“I’m tired,” said the man, turning his head into the chair cushion he was using as a pillow. “Why don’t you all let me get some sleep?”

“No,” Michael said, shaking his head and thinking about the revolver on the nightstand beside his bed. “No, you don’t sleep in here. There’s a shed out back – “

“Man, it’s freezing out there!” Heath whined.

“Heath,” Nadia said, fully awake now and standing, “what did you do?”

“It may be cold out there,” Michael growled, “but if you’re not out in one minute, you have no idea how hot it’s going to get for you in here!”

“Look,” Heath said, lowering his voice to a harsh whisper, “I’m sorry if I trespassed into your territory. It won’t happen again.”

Michael took a step toward the man. “You either walk out that garage door now or I will throw you off the balcony!”

“Weyland,” Nadia said, her hand rubbing her forehead, “you idiot.” Her tone said she had connected the dots and pieced together the story. “Get out.” Her hand flew outward in a dismissive gesture. “Go on. We will talk in the morning when things have cooled down. Be glad you don’t have a bullet in your ass.”

“What is going on down here?” asked Eric, stepping from the stairs just as Heath hurried past, his sleeping bag, clothes, and backpack bundled in his arms. On his way down the basement steps, he paused to grab his shotgun from where it leaned against the wall.

“Problem,” Michael said, watching Heath go and preparing to lock the rear garage door behind him. “We have a problem.”


Michael doubted he would be getting any more sleep that night. He sat at the kitchen table and gratefully accepted the mug of instant cocoa from Nadia, inhaling the chocolate aroma of it before being disappointed by the watery thin taste of it.

’Hello, princess’?” Eric repeated upon hearing the story recounted. “That is pretty creepy.”

“But what do we do about it?” Nadia asked, staring at the table top. “I mean, he came here with me and Perko. I can easily see you telling me to go and to take him along with me.”

“You’re welcome here,” Michael told her bluntly. “But what do we do about a guy who would sneak into what he thinks is a defenseless girl’s bedroom in the middle of the night? He saw that she’s only barely aware of what’s going on around her. He saw that she doesn’t talk. Hell, he was counting on that!” Michael massaged his temples. “In normal times, you wouldn’t execute a rapist, you’d put him in jail.”

“And if you don’t have a jail?” Eric asked.

“I hate to waste the fuel,” Nadia said, “but tomorrow I’ll drive him down to the highway in the humvee. He takes all of his stuff plus food for three days.” They were quiet for a time, then she continued. “We only hooked up with him about a month ago and he’s always been kind of a distant kind of guy. But I swear, this is the first time I’ve seen him cross the line.”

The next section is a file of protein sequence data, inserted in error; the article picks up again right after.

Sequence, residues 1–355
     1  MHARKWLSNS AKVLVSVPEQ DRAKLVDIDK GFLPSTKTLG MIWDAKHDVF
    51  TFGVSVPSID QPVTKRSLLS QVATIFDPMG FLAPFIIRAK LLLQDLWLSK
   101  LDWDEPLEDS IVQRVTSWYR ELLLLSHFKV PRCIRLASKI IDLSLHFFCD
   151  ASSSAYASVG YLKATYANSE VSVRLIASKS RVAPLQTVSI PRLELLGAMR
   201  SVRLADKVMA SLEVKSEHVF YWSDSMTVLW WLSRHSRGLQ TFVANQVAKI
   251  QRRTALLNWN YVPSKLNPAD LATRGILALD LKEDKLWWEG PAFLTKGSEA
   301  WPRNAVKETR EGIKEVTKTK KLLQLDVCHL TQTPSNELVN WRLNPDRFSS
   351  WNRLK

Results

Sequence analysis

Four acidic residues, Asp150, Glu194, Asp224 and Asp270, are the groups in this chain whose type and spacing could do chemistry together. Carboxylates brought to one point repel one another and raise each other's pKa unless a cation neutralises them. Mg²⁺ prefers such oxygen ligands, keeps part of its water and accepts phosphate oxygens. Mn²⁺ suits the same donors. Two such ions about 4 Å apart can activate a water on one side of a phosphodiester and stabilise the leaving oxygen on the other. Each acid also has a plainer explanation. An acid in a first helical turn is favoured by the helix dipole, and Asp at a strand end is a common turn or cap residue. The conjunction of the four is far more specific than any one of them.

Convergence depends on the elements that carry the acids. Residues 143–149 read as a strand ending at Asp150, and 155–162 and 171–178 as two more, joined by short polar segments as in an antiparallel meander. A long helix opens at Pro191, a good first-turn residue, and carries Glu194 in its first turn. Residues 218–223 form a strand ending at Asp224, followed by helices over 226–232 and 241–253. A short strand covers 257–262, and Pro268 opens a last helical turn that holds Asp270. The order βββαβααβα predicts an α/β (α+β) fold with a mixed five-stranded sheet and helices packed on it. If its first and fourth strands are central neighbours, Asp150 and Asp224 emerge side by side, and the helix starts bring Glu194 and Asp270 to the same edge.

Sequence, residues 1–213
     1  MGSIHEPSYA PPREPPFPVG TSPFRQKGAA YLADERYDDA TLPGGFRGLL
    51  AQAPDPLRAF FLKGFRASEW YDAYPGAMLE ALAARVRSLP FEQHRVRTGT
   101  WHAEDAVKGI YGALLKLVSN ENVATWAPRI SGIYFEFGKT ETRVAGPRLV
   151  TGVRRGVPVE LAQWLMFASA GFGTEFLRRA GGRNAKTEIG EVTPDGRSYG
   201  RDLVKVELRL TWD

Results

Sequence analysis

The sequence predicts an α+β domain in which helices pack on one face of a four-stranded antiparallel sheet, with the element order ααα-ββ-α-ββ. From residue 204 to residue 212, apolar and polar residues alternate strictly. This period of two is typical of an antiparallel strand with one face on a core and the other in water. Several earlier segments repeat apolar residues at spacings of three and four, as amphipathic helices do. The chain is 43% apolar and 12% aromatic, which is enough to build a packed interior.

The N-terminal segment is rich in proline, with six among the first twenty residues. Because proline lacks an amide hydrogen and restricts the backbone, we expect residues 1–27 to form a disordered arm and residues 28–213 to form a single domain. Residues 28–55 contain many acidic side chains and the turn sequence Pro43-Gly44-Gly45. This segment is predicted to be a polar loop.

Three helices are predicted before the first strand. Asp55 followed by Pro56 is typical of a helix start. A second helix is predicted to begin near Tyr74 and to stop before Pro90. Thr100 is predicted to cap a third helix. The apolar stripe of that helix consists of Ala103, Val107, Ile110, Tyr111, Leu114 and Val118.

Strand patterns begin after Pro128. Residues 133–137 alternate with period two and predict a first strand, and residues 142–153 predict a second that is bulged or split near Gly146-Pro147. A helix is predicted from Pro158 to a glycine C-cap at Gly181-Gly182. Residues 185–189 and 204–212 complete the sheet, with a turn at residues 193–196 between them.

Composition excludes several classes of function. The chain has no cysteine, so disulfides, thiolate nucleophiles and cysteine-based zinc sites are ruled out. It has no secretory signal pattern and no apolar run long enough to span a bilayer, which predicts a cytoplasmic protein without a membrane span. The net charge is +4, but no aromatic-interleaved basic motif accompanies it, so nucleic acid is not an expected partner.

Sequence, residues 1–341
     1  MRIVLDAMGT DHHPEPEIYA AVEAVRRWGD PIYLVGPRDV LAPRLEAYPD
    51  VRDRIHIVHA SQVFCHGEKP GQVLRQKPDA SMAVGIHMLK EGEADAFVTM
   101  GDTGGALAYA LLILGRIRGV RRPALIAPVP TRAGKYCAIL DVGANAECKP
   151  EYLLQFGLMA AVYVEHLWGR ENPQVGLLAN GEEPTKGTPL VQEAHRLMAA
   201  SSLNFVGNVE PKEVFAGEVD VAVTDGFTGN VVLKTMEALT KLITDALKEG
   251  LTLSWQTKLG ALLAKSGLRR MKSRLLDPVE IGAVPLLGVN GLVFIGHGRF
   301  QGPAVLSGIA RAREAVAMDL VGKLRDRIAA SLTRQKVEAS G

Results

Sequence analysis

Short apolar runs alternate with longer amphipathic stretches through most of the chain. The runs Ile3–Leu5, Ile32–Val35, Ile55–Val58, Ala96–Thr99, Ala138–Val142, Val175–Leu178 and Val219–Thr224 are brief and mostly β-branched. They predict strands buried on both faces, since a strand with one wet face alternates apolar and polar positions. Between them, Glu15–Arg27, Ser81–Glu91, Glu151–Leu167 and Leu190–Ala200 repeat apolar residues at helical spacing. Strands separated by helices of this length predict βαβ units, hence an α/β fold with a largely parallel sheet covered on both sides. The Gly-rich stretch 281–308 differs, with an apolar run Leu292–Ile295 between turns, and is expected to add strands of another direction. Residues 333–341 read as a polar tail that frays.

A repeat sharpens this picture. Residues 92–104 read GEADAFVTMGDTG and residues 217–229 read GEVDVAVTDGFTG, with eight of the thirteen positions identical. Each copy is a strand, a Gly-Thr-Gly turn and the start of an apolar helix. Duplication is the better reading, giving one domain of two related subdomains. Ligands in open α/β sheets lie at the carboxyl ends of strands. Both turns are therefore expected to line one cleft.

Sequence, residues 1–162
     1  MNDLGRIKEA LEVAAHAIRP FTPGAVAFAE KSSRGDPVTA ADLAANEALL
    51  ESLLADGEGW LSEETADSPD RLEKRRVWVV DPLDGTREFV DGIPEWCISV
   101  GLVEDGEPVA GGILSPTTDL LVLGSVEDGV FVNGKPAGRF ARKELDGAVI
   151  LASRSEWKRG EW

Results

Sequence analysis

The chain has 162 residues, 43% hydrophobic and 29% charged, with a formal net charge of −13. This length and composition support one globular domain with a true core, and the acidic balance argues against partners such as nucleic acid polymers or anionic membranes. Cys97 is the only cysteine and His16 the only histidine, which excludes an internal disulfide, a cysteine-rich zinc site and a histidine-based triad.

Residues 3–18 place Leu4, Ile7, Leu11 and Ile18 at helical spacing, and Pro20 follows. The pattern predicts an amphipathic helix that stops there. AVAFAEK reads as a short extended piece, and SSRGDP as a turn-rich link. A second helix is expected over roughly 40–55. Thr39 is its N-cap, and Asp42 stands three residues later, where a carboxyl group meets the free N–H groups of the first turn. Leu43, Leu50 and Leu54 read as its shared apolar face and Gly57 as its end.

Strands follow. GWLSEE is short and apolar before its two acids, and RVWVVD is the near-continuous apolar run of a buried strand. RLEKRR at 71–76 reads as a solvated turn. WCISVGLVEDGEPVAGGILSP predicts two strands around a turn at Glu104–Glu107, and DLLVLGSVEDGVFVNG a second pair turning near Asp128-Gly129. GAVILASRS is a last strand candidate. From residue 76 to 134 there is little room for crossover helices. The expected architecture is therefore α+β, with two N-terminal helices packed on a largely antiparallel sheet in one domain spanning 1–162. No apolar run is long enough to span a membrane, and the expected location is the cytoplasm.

“We traveled for a week with this bunch,” Eric remembered, “before they turned on us. They seemed perfectly okay all that time. If it hadn’t been for twenty zeroes charging out of a drainage ditch, we wouldn’t have gotten away from them. They would’ve killed me and…then done worse. Saved from the bad guys by a bunch of puss-filled corpses who came an inch away from eating my face off.” He sighed. “People suck.”

“Not all of them,” Nadia countered. “Custer was a good man. You’re a good man. Michael’s got a whole house full of decent people, including him. In a way, it makes things a lot tougher.

“Tearing through what’s left of the world like an evil asshole with a group of equally worthless assholes; it must be easy. They’re not worth a thing. No one around them is worth a thing. Nothing worth protecting. Nothing worth keeping safe. It must be really easy.

“Now, being a good person in a very bad world,” she said, waving her finger between the two men, “and having to protect innocents like Hyacinth and Kat, that’s hard.”


Despite his doubts, Michael did manage two hour’s worth of sleep toward dawn. When he woke, it was to the sounds and smells of breakfast from the kitchen. He pulled on his jeans and as he did so, he heard the rise and fall of the conversation at the breakfast table and listened for the sound of Heath’s voice among the others. The discussion only became intelligible when he opened the bedroom door.

“Whose bright idea was that?” Mundy was asking, his voice high pitched with exasperation.

“It’s done,” replied Nadia, sounding tired. “There’s no sense in – “ She and the others fell silent as Michael stepped into view.